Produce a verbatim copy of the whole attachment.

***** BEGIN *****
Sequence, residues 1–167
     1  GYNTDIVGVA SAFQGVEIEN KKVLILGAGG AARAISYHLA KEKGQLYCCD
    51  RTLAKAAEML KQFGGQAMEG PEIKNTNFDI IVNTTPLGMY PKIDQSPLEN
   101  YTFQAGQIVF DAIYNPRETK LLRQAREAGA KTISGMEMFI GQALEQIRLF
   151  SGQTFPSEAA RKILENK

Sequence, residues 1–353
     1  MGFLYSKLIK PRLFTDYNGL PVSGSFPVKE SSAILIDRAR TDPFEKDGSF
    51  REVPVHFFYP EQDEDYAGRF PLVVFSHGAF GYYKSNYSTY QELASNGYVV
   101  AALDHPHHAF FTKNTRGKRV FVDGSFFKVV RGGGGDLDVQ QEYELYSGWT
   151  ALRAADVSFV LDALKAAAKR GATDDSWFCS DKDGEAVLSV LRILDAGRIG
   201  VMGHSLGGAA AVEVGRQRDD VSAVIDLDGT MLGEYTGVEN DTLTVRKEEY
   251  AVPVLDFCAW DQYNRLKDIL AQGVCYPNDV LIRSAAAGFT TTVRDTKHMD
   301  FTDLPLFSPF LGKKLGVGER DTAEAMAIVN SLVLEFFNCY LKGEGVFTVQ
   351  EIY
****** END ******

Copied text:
Sequence, residues 1–167
     1  GYNTDIVGVA SAFQGVEIEN KKVLILGAGG AARAISYHLA KEKGQLYCCD
    51  RTLAKAAEML KQFGGQAMEG PEIKNTNFDI IVNTTPLGMY PKIDQSPLEN
   101  YTFQAGQIVF DAIYNPRETK LLRQAREAGA KTISGMEMFI GQALEQIRLF
   151  SGQTFPSEAA RKILENK

Sequence, residues 1–353
     1  MGFLYSKLIK PRLFTDYNGL PVSGSFPVKE SSAILIDRAR TDPFEKDGSF
    51  REVPVHFFYP EQDEDYAGRF PLVVFSHGAF GYYKSNYSTY QELASNGYVV
   101  AALDHPHHAF FTKNTRGKRV FVDGSFFKVV RGGGGDLDVQ QEYELYSGWT
   151  ALRAADVSFV LDALKAAAKR GATDDSWFCS DKDGEAVLSV LRILDAGRIG
   201  VMGHSLGGAA AVEVGRQRDD VSAVIDLDGT MLGEYTGVEN DTLTVRKEEY
   251  AVPVLDFCAW DQYNRLKDIL AQGVCYPNDV LIRSAAAGFT TTVRDTKHMD
   301  FTDLPLFSPF LGKKLGVGER DTAEAMAIVN SLVLEFFNCY LKGEGVFTVQ
   351  EIY